Market momentum is Green. Investors are eyeing that 415 level on the SPDR S&P 500 ETF (SPY), digesting the $16.1 billion reduction from the Federal Reserve’s balance sheet this week, and waiting for tomorrow’s critical July jobs report. The next level higher for the markets would be the 430 level on the SPY, but a breakdown could push us back to the 50-day moving average around 392.
The S&P 500 held at resistance against today, as I projected on Wednesday. This has been a very unusual, slow-burn higher over the last few weeks. Volume remains low. There remain few positive catalysts. Traders just bought markets off oversold conditions yet again in June.
One of the big challenges for most investors is knowing when it’s time to buy. Typically, the time to buy is when you don’t want to. When there is fear in the streets. When you have oversold conditions and the S&P 500’s tracking index ETF (the SPY) around 30. But remember… the market isn’t rational. So, there is always value in these markets. You simply need to know where to look.
Finding Cheap Stocks that Make Stuff
Today, we learned that alternative investment manager Apollo (APO) would take air freight giant Atlas Air Worldwide (AAWW) private. This is an absolute coup for the private equity giant. Atlas Air has been sitting out on the market for months, trading at extremely cheap multiples in an industry that will never disappear.
Air freight? It’s clearly a “need” in the global trading markets. This deal comes after other cheap companies that make and move stuff achieved the heavy interest of private equity teams. I’m pointing to West Fraser Group (WFG) and Resolute Forest Partners (RFP), both in the “lumber space.”
Clearly, private equity teams benefit by playing the long game. They’re looking to take a company private, restructure its operations, maximize its profits, and ultimately sell it or take it public again in five to seven years. The goal here is massive gains on the backside of that payoff period.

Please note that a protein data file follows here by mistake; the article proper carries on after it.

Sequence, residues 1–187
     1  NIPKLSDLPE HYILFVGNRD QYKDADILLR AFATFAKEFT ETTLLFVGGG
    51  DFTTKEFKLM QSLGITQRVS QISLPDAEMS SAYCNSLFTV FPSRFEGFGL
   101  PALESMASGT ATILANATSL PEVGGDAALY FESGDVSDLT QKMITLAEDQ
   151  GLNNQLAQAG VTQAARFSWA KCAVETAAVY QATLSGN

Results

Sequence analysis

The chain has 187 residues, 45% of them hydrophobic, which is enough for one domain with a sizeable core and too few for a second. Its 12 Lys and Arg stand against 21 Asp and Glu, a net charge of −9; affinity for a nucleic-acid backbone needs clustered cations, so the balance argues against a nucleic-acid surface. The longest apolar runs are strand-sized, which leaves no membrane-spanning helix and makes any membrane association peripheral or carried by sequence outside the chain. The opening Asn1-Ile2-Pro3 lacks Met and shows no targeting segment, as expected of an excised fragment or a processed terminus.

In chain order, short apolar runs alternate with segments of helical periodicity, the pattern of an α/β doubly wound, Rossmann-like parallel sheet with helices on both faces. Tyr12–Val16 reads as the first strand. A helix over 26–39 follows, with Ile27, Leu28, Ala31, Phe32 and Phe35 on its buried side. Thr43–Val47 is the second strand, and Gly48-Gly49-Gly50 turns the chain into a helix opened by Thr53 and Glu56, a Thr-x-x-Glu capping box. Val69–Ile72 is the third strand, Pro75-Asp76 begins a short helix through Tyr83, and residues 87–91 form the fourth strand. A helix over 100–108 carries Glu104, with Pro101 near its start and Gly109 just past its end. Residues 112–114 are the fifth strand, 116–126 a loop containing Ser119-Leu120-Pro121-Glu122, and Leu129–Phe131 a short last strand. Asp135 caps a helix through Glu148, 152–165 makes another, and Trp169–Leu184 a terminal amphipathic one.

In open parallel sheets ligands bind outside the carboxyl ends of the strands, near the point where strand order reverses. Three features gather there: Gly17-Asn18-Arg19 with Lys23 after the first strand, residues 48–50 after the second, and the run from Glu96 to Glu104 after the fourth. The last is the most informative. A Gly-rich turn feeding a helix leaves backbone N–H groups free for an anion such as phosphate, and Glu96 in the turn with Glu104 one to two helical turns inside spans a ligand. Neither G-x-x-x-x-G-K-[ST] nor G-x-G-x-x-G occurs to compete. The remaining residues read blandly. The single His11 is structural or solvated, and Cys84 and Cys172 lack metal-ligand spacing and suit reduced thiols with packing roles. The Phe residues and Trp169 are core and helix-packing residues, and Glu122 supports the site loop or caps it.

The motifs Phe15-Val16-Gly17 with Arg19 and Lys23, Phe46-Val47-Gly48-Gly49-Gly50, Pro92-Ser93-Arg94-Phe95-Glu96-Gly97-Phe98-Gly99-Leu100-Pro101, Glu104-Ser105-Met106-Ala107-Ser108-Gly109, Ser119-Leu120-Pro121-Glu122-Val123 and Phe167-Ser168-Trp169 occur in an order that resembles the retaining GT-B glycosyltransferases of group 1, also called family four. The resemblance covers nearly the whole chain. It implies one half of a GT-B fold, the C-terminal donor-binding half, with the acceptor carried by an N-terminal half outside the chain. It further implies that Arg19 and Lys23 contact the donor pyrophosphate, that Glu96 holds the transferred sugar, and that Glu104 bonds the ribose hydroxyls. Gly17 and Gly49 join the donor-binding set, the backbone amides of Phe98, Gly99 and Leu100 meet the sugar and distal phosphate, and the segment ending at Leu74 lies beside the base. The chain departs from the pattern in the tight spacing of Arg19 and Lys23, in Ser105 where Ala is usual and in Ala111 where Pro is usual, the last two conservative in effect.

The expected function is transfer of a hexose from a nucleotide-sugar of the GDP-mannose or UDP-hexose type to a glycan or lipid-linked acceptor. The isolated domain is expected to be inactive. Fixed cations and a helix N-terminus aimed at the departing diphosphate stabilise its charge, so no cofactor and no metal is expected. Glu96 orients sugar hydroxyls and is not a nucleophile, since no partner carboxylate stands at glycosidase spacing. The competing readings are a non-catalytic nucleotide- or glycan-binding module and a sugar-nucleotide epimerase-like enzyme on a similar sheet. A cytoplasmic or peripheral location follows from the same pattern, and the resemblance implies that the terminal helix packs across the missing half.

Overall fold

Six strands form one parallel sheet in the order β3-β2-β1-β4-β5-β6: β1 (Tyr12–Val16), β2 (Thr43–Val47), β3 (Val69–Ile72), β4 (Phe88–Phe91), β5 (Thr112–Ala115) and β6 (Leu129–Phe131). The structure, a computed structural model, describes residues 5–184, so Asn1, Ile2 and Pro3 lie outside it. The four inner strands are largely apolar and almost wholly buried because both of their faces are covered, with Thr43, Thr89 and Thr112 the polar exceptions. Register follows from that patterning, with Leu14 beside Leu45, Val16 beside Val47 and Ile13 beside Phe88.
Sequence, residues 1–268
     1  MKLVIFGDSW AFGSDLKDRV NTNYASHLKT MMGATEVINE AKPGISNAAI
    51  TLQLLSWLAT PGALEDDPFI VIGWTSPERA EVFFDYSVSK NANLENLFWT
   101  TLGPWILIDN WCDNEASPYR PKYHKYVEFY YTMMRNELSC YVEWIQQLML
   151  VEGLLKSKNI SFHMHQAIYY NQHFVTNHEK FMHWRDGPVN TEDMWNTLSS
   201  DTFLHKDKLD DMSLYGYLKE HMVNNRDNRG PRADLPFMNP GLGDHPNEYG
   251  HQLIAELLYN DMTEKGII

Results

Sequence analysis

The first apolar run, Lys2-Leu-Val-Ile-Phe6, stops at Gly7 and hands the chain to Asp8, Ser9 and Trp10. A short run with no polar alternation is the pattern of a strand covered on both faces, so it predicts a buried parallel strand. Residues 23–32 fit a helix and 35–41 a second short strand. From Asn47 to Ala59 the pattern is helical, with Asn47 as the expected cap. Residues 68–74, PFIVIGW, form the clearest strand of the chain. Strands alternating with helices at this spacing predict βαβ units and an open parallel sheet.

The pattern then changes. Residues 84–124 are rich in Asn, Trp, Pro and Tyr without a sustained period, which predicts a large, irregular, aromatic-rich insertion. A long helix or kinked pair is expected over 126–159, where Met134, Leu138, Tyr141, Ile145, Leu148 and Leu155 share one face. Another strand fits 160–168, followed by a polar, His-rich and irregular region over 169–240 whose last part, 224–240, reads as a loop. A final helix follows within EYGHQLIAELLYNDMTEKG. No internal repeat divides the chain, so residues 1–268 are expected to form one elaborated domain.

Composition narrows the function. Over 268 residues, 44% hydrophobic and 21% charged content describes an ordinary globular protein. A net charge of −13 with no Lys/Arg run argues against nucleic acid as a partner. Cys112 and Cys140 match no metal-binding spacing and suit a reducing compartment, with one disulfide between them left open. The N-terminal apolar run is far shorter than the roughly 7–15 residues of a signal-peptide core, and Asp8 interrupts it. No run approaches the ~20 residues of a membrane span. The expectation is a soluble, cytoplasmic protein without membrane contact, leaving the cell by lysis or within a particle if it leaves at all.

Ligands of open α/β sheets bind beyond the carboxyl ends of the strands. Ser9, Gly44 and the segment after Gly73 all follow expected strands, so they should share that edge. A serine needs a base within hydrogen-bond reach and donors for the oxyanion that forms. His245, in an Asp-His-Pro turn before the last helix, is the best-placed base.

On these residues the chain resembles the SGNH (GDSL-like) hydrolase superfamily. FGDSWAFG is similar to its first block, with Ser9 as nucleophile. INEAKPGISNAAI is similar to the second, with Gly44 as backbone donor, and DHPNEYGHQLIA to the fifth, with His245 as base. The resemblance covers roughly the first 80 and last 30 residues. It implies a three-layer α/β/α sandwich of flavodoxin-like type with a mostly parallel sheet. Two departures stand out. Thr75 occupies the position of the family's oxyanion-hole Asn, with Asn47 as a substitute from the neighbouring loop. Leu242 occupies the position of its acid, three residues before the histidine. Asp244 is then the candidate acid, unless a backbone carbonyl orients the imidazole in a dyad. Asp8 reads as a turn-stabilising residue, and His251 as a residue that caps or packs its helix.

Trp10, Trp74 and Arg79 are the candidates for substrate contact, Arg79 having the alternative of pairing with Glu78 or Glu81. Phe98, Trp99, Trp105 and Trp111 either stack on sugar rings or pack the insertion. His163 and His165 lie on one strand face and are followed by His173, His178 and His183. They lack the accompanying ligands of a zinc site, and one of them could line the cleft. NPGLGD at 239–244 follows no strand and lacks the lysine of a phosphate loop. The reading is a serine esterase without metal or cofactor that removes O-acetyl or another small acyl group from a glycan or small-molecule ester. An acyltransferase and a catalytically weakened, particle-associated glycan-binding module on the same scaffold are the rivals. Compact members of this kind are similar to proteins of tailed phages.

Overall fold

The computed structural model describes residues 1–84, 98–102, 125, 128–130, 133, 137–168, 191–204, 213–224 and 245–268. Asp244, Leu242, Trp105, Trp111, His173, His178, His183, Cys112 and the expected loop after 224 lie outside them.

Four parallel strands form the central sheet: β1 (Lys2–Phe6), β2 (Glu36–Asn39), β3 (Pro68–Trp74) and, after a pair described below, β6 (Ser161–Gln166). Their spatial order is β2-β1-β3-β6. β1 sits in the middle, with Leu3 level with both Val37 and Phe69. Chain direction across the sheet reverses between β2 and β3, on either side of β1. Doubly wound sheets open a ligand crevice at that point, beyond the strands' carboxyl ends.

Right now, these firms are scooping up stocks at incredibly low multiples. They’re thinking well beyond the recession. Private equity firms have been sitting on cash, and they can take advantage of panic selling due to recessionary fears.
But there remain several companies that trade at similar metrics… even if they are not takeover targets – they trade at incredibly low multiples, generate solid cash flow, and make “real stuff” that will always be needed in civilization. You’d need something worse than a recession for these companies not to recover.
Let’s look at three examples.
Cheap Stock No. 1: Albertsons Companies (ACI)
Do you foresee a scenario where people stop using the grocery store? Do you expect that food demand is going to drop? Yet, Albertsons holds solid margins, a strong balance sheet, and no credit worries.
It trades at 8.6 times free cash flow and under 10 on an enterprise to earnings before interest and tax (EV/EBIT). The average price target on the stock is more than $32, representing a more than 20% upside. Patience…
Cheap Stock No. 2: Tri Pointe Homes (TPH)
Not a lot of investors want to touch the housing market with the recent slowdown in prices. This might be a mistake. There remains a supply gap in the housing market of roughly 3 million units, and Tri Pointe operates in the space of more affordable housing – where the biggest supply problems exist.
This stock is trading at 0.73% of book value, which is comically low for a stock operating in a great industry of need. Its EV-EBIT is just 4.3, making it an attractive takeover target by another builder or a private equity firm. The average price target on Wall Street is more than 26% higher than today’s prices. A buyout would easily push this company north of $22.00.
Cheap Stock No. 3: TO BE ANNOUNCED
What if I told you that a restaurant stock that generated private equity interest in October 2020 was trading back at those levels after falling more than 50% since February 2021. The company has double-digit margins… an F score of 7, and EV/EBIT of under 8. Also, the average price target is about 15% higher than today’s prices. Do you think you’d put aside your bias when I tell you the name?
Because it’s Denny’s (DENN). Yes… that Denny’s. The company has just acquired Keke’s Breakfast Café, but nothing has shifted on the balance sheet. At some point, you have to hold your nose and buy the stock.